Natalie Brown-Devlin, Michael B. Devlin, and Vincent Peña
To examine the relationship among identification, fan expectations, and sponsorship outcomes, this study examined Alabama and Clemson fan expectations and responses to the NCAA (National Collegiate Athletic Association) football championship game outcome. This case study sought to understand how fans of winning and losing teams evaluated a sporting event’s sponsor following the conclusion of an event, positing that highly identified fans would demonstrate a halo effect, and report favorable attitudes toward the sponsoring brand as suggested by previous research. However, there is a lack of theoretical evidence regarding consumer expectations when applied within the context of sport. Thus, using the theoretical framework of identification and expectation violation theory, the authors inquired to what extent the outcome of the game and one’s expectations of the outcome influenced their evaluation of the event sponsor. The results support previous research regarding potential halo effects, but also add nuance to earlier work demonstrating that a halo effect is not unilaterally applied for all fans. Given the unpredictable nature of sport and the increasing cost of sponsoring sporting events, these findings help explain the extent to which violations of one’s expected outcome affect subsequent evaluations of a sponsor.
Seomgyun Lee, Kyungun Ryan Kim, and Minsoo Kang
Crises are unavoidable in the sport world, and their relationship with reputation is inextricable. Protecting its reputation is a top priority for a sport organization in a crisis; thus, developing a valid and reliable instrument should be a precedent. In this study, Rasch analysis was applied to evaluate a 10-item Organizational Reputation Scale (ORP), extensively used in general and sport communication research, but whose development was made under classical test theory. This traditional method has several limitations (i.e., item and sample dependencies, nonaddictive features of ordinal data, and item category functioning). The main purposes of the study were to calibrate ORP items and evaluate their category functions. A total of 373 sport fans responded to the ORP on a 5-point Likert scale. Several analytic steps were applied to provide psychometric properties of each item in the ORP. The findings provided evidence that supports the unidimensional structure of the ORP with eight items. All items and a person’s ability exhibited satisfactory levels of variability along the continuum. The 5-category rating scale in Likert format functioned properly. As a better alternative to classical test theory, Rasch analysis provided information about the practicality of each ORP item in measuring individuals’ perceptual level of an organization’s reputation within a sport setting. Our study proposed some insights for enhancing each item’s quality and encouraging future scholars to make informed decisions when using the ORP.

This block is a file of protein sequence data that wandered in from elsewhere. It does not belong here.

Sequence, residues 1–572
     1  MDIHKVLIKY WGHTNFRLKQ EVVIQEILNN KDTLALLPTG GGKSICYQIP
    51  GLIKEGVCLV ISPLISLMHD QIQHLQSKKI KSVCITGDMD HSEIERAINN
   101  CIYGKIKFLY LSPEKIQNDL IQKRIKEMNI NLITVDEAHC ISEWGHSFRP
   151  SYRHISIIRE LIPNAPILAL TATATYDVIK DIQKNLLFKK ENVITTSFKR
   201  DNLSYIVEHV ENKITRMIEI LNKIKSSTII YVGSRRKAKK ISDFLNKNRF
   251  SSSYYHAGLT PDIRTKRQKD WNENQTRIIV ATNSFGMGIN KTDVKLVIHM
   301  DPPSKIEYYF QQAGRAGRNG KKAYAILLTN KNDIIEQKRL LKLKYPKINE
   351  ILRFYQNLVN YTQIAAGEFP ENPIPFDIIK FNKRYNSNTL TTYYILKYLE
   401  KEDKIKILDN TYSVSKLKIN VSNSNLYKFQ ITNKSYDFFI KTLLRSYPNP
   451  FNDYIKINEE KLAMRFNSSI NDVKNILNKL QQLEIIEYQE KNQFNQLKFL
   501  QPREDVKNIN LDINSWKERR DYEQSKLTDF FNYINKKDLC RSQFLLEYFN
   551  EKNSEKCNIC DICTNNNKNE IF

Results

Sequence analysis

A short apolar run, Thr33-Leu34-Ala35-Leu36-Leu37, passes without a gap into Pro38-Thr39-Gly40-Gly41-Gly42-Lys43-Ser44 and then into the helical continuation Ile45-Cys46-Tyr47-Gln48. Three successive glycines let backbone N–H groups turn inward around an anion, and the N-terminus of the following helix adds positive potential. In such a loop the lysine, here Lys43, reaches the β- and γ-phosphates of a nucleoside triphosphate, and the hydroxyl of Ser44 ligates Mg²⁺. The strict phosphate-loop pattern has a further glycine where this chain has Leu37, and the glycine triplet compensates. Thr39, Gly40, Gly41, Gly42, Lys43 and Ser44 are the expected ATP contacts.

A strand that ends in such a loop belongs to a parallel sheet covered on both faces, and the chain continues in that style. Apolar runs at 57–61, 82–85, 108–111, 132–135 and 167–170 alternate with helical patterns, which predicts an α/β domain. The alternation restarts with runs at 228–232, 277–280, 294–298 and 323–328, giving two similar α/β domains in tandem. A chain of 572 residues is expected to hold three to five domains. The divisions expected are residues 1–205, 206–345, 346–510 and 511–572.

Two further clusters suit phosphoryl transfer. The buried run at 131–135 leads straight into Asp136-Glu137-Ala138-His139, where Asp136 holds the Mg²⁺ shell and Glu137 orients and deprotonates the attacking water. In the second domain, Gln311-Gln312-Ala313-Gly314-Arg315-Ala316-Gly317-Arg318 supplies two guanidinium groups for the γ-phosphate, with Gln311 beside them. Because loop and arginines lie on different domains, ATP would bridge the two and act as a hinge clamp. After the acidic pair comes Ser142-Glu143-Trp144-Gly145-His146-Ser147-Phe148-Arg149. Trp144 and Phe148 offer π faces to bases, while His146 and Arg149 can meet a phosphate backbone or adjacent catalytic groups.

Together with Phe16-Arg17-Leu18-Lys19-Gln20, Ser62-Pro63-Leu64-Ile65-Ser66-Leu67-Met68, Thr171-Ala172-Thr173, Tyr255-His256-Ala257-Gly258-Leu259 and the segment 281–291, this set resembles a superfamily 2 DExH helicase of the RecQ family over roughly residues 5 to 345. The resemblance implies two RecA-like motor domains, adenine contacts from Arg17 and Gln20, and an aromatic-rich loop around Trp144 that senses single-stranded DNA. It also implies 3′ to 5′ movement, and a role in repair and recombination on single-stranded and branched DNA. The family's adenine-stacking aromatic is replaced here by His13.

Alex Jane Smethurst and Iain Stuart Findlay
Bike fitting is a rapidly developing profession in the field of sport and well-being. The profession is governed by the International Bike Fitting Institute, which recently announced the creation of a common education syllabus. Although this is a positive step forward, to ensure the integrity of the profession, it is important that the content of the syllabus be evidence based. This, however, may prove challenging as there is currently a paucity of research regarding certain aspects of the bike-fitting role. One area that appears to have been largely neglected is the relationship and importance of communication between the bike fitter and client. This scholarly commentary presents research from other professions that demonstrates both the importance of this omission and the necessity to include training on communication and interpersonal skills in the International Bike Fitting Institute’s proposed education provision.